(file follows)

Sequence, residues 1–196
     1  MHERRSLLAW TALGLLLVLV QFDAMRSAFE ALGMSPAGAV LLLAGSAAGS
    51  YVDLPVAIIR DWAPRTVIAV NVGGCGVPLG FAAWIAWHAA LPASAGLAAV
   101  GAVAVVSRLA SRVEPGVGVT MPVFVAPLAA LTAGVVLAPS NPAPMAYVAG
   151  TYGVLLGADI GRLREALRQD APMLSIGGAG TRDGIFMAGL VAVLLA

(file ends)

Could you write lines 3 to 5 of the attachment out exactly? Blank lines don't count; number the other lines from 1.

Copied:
    51  YVDLPVAIIR DWAPRTVIAV NVGGCGVPLG FAAWIAWHAA LPASAGLAAV
   101  GAVAVVSRLA SRVEPGVGVT MPVFVAPLAA LTAGVVLAPS NPAPMAYVAG
   151  TYGVLLGADI GRLREALRQD APMLSIGGAG TRDGIFMAGL VAVLLA